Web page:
• circuscritic
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    29 days ago

    Did I miss the part where the bet was something oddly specific where the aide could actually significantly impact akin to shaving points, or throwing a fight…?

    Because it just says he bet on the general election, which honestly feels relatively harmless in the context of a society with widespread legalized gambling.

    Not that I’d shed any tears over a Sunak aide getting fucked by any legal process, including a dubious one.

    Can someone tell me if I’m missed something here?

    • thefactthat@lemmy.world
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      29 days ago

      He bet on the date of the election. It’s not that he could impact the date (probably) but that he knew the announcement would happen a couple of days later. So less akin to throwing a fight and more having insider information about who was going to win. To me it seems similar (tho less financially rewarding) to buying stock in a company when your role in government means you know the value is going to increase soon when a new policy is introduced.

      • circuscritic
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        29 days ago

        Actually…that makes a lot more sense and I don’t recall that being brought up in article, but maybe I missed it.

        I would say that elections are public affairs, and have widespread coverage, including public polling data, but I can see the analogy to insider trading.

        Even if the only one’s hurt here are the bookies, it’s probably not an activity that should be publicly accepted as normal.

        • thefactthat@lemmy.world
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          29 days ago

          Yeah, to be fair the article’s not very clear.

          I would say that elections are public affairs, and have widespread coverage, including public polling data, but I can see the analogy to insider trading.

          To be even clearer, he didn’t bet on the outcome of the election, just that it would take place in July. Legally Sunak has to call an election before January 2025 but there has been a lot of speculation for the last six months about when it’s going to happen. A lot of people assumed we wouldn’t have an election until the autumn so Sunak’s announcement a few weeks ago came as a big surprise.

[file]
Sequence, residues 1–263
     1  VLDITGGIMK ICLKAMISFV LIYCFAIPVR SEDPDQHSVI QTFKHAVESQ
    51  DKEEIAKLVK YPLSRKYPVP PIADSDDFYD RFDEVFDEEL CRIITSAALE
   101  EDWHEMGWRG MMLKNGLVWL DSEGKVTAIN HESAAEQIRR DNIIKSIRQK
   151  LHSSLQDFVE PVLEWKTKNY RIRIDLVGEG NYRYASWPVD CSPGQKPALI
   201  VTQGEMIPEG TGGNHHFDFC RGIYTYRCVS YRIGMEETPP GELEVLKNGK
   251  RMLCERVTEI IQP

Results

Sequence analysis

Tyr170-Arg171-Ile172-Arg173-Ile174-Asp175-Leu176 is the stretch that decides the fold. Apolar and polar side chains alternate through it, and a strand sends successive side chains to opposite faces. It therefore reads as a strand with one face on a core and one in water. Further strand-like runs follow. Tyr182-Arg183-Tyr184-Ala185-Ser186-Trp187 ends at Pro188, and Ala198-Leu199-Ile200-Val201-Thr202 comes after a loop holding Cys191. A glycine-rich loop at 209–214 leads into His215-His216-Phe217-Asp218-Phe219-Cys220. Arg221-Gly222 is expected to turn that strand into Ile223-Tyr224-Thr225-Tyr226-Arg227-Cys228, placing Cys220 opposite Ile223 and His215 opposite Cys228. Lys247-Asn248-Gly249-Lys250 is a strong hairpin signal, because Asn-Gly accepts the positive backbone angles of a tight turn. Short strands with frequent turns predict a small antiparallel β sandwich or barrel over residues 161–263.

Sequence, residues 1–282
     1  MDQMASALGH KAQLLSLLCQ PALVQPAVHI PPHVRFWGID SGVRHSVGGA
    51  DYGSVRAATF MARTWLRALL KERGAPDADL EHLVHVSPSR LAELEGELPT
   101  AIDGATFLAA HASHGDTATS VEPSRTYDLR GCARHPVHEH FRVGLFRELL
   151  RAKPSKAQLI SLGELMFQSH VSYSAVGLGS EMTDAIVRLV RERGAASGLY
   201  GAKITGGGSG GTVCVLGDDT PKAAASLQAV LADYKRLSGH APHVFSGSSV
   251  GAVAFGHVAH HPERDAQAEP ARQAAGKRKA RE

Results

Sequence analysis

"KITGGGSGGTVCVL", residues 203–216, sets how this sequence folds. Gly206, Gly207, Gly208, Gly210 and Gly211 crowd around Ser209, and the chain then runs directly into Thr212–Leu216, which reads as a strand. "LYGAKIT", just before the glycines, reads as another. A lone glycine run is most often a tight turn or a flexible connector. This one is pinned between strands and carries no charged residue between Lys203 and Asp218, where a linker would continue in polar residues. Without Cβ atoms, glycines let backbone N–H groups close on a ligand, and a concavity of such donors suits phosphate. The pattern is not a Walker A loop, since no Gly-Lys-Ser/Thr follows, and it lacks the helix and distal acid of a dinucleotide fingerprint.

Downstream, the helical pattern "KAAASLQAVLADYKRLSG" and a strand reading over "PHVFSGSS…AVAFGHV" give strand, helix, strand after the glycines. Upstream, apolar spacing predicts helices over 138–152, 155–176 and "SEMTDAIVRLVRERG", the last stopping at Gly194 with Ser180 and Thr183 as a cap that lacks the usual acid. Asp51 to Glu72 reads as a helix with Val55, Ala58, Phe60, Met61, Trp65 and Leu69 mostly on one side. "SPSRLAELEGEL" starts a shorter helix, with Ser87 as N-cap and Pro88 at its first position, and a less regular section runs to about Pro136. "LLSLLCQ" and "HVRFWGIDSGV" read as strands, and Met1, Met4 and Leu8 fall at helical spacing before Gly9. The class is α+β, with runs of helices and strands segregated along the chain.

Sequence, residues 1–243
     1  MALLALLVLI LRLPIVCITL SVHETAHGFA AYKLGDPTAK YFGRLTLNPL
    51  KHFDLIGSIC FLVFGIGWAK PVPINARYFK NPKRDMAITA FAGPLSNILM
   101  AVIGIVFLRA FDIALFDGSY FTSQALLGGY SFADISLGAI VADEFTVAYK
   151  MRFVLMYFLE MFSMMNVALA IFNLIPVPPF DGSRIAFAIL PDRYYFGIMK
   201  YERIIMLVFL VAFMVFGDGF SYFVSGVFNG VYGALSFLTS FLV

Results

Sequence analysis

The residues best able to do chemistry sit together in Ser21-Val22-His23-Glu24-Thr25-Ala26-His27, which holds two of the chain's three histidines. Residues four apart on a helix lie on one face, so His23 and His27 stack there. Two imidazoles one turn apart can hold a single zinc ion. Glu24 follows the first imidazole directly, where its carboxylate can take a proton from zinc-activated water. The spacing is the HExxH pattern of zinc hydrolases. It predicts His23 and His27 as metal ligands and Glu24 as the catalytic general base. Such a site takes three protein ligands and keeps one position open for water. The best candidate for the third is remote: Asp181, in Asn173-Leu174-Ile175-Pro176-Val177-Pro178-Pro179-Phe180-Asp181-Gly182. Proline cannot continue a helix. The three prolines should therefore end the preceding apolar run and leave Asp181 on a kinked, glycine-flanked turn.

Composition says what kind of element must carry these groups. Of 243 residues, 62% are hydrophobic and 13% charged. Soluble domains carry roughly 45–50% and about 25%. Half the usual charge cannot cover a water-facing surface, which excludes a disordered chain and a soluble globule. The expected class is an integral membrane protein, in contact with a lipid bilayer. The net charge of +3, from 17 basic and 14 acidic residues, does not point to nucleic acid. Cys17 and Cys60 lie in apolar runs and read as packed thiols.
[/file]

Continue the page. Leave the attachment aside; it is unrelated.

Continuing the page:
• frog 🐸@beehaw.org
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      29 days ago

      He’s an aide directly to Sunak, and placed the bet three days before the election was announced. The implication is that the aide knew the election had been scheduled for July, and thus placed a bet on it knowing 100% that he would win. The nearest equivalent would be if the aide was an assistant to a boxer who told him he was going to throw the fight: he may not be the actual person who threw the fight, but he knew what was going to happen and used that inside information to win a bet.

      At minimum, he’s defrauded Ladbrokes, who likely have it in their terms & conditions that you can’t place bets with them based on inside information, which will include not only sportspeople betting on themselves, but on people working for and otherwise connected to the person/team/party/etc they’re betting on. The fact that Ladbrokes referred it to the Gambling Commission for an investigation suggests the matter may be more serious than that, otherwise they’d have simply refused to pay out and left it at that. I’m not 100% sure, but I strongly suspect that what he did may actually have been illegal, and not merely a violation of Ladbrokes’ terms and conditions. Gambling is legalised in the UK, but it’s pretty heavily regulated (though still not as much as it should be), and I would actually be more surprised if insider bets like this weren’t illegal. Bookies don’t like being defrauded by customers using information that isn’t publically available.

      The thing that really stands out to me is that the sum of money was so small for someone in the aide’s position. Craig Williams is an aide, but he’s also an MP on a salary of £90k+. This was such a stupid risk to take for £500.